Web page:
An automated metric to evaluate dialogue quality is vital for optimizing data driven dialogue management. The common approach of relying on explicit user feedback during a conversation is intrusive and sparse. Current models to estimate user satisfaction use limited feature sets and rely on annotation schemes with low inter-rater reliability, limiting generalizability to conversations spanning multiple domains. To address these gaps, we created a new Response Quality annotation scheme, based on which we developed turn-level User Satisfaction metric. We introduced five new domain-independent feature sets and experimented with six machine learning models to estimate the new satisfaction metric. Using Response Quality annotation scheme, across randomly sampled single and multi-turn conversations from 26 domains, we achieved high inter-annotator agreement (Spearman's rho 0.94). The Response Quality labels were highly correlated (0.76) with explicit turn-level user ratings. Gradient boosting regression achieved best correlation of ~0.79 between predicted and annotated user satisfaction labels. Multi Layer Perceptron and Gradient Boosting regression models generalized to an unseen domain better (linear correlation 0.67) than other models. Finally, our ablation study verified that our novel features significantly improved model performance.
We study the problem of jointly reasoning about language and vision through a navigation and spatial reasoning task. We introduce the Touchdown task and dataset, where an agent must first follow navigation instructions in a real-life visual urban environment to a goal position, and then identify in the observed image a location described in natural language to find a hidden object. The data contains 9,326 examples of English instructions and spatial descriptions paired with demonstrations. We perform qualitative linguistic analysis, and show that the data displays richer use of spatial reasoning compared to related resources. Empirical analysis shows the data presents an open challenge to existing methods.
Shen, Xiaoyu (Max Planck Institute Informatics) | Su, Hui (Software Institute, University of Chinese Academy of Science) | Niu, Shuzi (Software Institute, University of Chinese Academy of Science) | Demberg, Vera (Saarland University)
Variational encoder-decoders (VEDs) have shown promising results in dialogue generation. However, the latent variable distributions are usually approximated by a much simpler model than the powerful RNN structure used for encoding and decoding, yielding the KL-vanishing problem and inconsistent training objective. In this paper, we separate the training step into two phases: The first phase learns to autoencode discrete texts into continuous embeddings, from which the second phase learns to generalize latent representations by reconstructing the encoded embedding. In this case, latent variables are sampled by transforming Gaussian noise through multi-layer perceptrons and are trained with a separate VED model, which has the potential of realizing a much more flexible distribution. We compare our model with current popular models and the experiment demonstrates substantial improvement in both metric-based and human evaluations.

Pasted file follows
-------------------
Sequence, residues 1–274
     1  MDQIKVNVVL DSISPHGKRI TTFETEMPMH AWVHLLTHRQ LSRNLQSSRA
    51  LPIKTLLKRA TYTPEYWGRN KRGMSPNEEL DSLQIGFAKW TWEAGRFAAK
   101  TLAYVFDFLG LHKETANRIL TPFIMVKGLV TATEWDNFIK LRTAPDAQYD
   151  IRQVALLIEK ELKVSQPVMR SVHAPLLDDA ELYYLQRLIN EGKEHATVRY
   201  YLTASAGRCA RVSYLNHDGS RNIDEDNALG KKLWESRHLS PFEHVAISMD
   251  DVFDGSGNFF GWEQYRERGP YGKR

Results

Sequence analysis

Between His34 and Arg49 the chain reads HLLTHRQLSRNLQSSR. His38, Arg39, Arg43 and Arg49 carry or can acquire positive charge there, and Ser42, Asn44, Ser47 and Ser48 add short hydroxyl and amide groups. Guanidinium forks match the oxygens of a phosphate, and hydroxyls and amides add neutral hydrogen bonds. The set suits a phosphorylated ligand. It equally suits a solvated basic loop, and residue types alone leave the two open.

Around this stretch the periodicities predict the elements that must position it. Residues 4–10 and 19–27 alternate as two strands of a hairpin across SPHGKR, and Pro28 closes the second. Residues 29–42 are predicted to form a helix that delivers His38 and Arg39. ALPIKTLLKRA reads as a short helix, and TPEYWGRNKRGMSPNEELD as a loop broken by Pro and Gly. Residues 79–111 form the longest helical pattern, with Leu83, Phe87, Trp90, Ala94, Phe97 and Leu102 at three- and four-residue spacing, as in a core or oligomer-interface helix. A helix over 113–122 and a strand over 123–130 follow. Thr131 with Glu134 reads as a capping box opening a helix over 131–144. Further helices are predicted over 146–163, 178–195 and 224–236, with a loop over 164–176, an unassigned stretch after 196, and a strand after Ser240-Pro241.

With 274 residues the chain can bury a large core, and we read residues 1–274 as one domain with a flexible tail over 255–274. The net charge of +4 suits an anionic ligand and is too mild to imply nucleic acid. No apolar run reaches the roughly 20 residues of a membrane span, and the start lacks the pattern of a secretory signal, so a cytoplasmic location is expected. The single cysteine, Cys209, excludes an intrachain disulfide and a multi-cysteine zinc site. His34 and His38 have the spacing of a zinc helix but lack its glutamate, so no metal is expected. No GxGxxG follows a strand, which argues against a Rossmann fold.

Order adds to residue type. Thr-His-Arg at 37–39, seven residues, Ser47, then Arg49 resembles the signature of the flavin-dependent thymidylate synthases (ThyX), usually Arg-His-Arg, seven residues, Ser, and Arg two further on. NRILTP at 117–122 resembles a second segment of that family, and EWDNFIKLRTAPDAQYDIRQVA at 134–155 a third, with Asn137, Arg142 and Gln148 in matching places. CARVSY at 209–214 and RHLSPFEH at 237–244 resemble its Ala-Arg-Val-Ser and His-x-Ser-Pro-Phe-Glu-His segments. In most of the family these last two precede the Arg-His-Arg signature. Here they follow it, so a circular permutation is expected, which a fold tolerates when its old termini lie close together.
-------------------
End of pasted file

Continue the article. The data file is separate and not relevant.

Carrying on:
Characterizing relationships between people is fundamental for the understanding of narratives. In this work, we address the problem of inferring the polarity of relationships between people in narrative summaries. We formulate the problem as a joint structured prediction for each narrative, and present a general model that combines evidence from linguistic and semantic features, as well as features based on the structure of the social community in the text. We additionally provide a clustering-based approach that can exploit regularities in narrative types. e.g., learn an affinity for love-triangles in romantic stories. On a dataset of movie summaries from Wikipedia, our structured models provide more than 30% error-reduction over a competitive baseline that considers pairs of characters in isolation.
This paper introduces a new structured model for learning anaphoricity detection and coreference resolution in a joint fashion. Specifically,we use a latent tree to represent the full coreference and anaphoric structure of a document at a global level, and we jointly learn the parameters of the two models using a version of the structured perceptron algorithm. Our joint structured model is further refined by the use of pairwise constraints which help the model to capture accurately certain patterns of coreference. Our experiments on the CoNLL-2012 English datasets show large improvements in both coreference resolution and anaphoricity detection, compared to various competing architectures. Our best coreference system obtains a CoNLL score of 81.97 on gold mentions, which is to date the best score reported on this setting.
We describe the application of kernel methods to Natural Language Processing (NLP)problems. In many NLP tasks the objects being modeled are strings, trees, graphs or other discrete structures which require some mechanism to convert them into feature vectors. We describe kernels for various natural language structures, allowing rich, high dimensional representations ofthese structures. We show how a kernel over trees can be applied to parsing using the voted perceptron algorithm, and we give experimental results on the ATIS corpus of parse trees.